Once settled in, they generally take frozen foods such as bloodworms without any complaint. At least some well-adjusted specimens take flake, but at the very least this food should be supplemented with additions such as chopped squid and prawn.
All glassfish are opportunistic predators and the Humphead has a deceptively large mouth. Smaller fish such as guppies, danios and Neons will quite likely be viewed as tasty food! That same sad fate may befall small shrimps such as Cherry and Amano.
Humphead glassfish may be schooling fish in the wild, but under aquarium conditions they tend to be aggressive towards one another.
This behaviour can be prevalent among smaller glassfish species too and most likely reflects bullying between males as they jockey for dominance within the group.
Whatever the explanation, Humpheads should be kept either in groups of at least eight specimens or smaller groups with just a single male.
Sexing these glassfish isn’t too difficult either, since the males have those larger humps. Males also tend to be a bit bigger, but that isn’t apparent until all the fish are fully grown.
Curiously, maximum size of this fish under aquarium conditions appears to be a bit larger than the maximum size reported in scientific literature — 10cm/4” as opposed to 8cm/3.1”.
Nothing is known about the breeding behaviour of this species. The other Parambassis species are egg scatterers that exhibit no brood care and the Humphead probably breeds in the same way.
These fish work quite well in community tanks, with a few reservations. As already mentioned, they are predatory fish, eating any fish or shrimp they can swallow whole, so tank mates should be sufficiently large to minimise the risk. They are also a bit thuggish — yet another trait they share with other glassfish!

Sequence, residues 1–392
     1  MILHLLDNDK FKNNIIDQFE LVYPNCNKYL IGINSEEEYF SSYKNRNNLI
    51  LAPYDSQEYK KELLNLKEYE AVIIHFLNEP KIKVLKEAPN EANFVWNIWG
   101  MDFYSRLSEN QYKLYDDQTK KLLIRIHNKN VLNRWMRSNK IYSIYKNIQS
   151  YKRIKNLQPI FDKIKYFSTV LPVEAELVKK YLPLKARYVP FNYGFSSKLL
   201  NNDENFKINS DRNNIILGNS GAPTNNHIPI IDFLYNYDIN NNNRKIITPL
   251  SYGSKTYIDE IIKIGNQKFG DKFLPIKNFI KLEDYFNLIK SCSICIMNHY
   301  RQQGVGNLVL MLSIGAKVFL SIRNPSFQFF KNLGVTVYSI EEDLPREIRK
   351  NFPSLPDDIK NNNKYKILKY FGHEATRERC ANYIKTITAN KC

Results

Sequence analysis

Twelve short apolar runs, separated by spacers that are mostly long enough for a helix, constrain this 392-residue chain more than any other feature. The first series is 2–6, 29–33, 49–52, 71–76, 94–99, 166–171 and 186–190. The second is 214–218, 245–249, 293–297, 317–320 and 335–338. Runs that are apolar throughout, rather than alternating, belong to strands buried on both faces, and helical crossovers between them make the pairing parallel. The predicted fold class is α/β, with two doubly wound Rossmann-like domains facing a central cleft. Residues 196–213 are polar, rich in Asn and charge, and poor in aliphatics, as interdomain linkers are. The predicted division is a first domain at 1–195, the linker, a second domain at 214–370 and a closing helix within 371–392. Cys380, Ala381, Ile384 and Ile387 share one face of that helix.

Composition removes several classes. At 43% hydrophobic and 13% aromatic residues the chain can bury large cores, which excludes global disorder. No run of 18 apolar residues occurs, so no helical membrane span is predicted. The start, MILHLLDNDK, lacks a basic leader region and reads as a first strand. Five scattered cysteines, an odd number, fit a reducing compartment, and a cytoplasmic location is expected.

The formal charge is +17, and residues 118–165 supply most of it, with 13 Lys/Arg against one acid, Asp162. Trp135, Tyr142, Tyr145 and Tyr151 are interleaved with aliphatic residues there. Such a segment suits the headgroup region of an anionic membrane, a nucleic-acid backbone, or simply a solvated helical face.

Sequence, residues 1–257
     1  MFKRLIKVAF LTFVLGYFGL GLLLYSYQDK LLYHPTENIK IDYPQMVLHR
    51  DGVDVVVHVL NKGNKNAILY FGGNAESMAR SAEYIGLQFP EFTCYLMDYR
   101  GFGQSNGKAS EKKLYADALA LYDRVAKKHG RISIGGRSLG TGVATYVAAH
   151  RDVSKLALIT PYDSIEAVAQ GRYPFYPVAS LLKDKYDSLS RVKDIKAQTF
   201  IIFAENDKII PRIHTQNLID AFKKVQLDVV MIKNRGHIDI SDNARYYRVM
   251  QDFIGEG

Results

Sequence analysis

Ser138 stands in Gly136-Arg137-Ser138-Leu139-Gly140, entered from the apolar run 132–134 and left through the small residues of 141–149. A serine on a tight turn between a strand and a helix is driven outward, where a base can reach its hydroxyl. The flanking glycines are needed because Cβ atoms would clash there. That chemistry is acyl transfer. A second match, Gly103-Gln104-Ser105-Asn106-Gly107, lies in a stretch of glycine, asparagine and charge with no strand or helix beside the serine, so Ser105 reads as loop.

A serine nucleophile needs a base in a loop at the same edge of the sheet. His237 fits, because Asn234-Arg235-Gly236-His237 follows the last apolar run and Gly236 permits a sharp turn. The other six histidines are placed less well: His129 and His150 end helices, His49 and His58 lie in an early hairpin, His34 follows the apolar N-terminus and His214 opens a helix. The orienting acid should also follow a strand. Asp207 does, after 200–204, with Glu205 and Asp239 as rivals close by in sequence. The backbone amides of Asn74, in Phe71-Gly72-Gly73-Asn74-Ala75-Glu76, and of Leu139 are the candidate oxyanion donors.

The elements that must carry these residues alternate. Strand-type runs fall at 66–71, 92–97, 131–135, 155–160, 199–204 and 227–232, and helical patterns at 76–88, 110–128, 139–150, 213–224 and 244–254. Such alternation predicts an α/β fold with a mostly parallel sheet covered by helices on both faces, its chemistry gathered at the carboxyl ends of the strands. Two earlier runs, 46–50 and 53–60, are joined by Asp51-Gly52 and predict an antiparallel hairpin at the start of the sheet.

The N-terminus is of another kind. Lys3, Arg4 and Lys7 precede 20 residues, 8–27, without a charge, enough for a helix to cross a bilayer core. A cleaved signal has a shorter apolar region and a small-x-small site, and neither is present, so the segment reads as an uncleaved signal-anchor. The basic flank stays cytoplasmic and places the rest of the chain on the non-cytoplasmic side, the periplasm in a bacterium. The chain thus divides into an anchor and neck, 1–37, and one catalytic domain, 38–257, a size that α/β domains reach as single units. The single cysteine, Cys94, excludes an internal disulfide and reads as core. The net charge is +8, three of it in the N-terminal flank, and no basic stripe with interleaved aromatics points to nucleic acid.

While this doesn’t mean they are nippy or territorial, it does mean they throw their weight around at feeding time. Tank mates should be sufficiently robust to prevent this being an issue. Barbs and characins would be fine, but mixing Humpheads with Discus or African butterflyfish would be a bad idea.Otherwise they would make excellent companions for the likes of Clown loaches, loricariid catfish, spiny eels, Silver dollars and other robust community fish.
Although looking bizarre, Humphead glassfish are beautiful and, while pricey, surprisingly hardy and adaptable fish with much to recommend them.
Scientific name: Parambassis pulcinella.
Common name: Humphead glassfish.
Origin: Myanmar, Thailand.
Size: 8-10cm/ 3.1-4”
Water chemistry: Not critical.
Diet: Predatory, preferring live foods, particularly earthworms and shrimps. Will view small tankmates as food!
Social behaviour: Boisterous but gregarious. Males tend to be belligerent towards one another.
Sexing: Males are larger and have bigger humps.
Notes: Sensitive to poor water quality and low oxygen levels.
PFK featured these fish in Interesting Imports, shortly after they first became available in the hobby.
This item first appeared in the June 2009 issue of Practical Fishkeeping magazine. It may not be reproduced without written permission.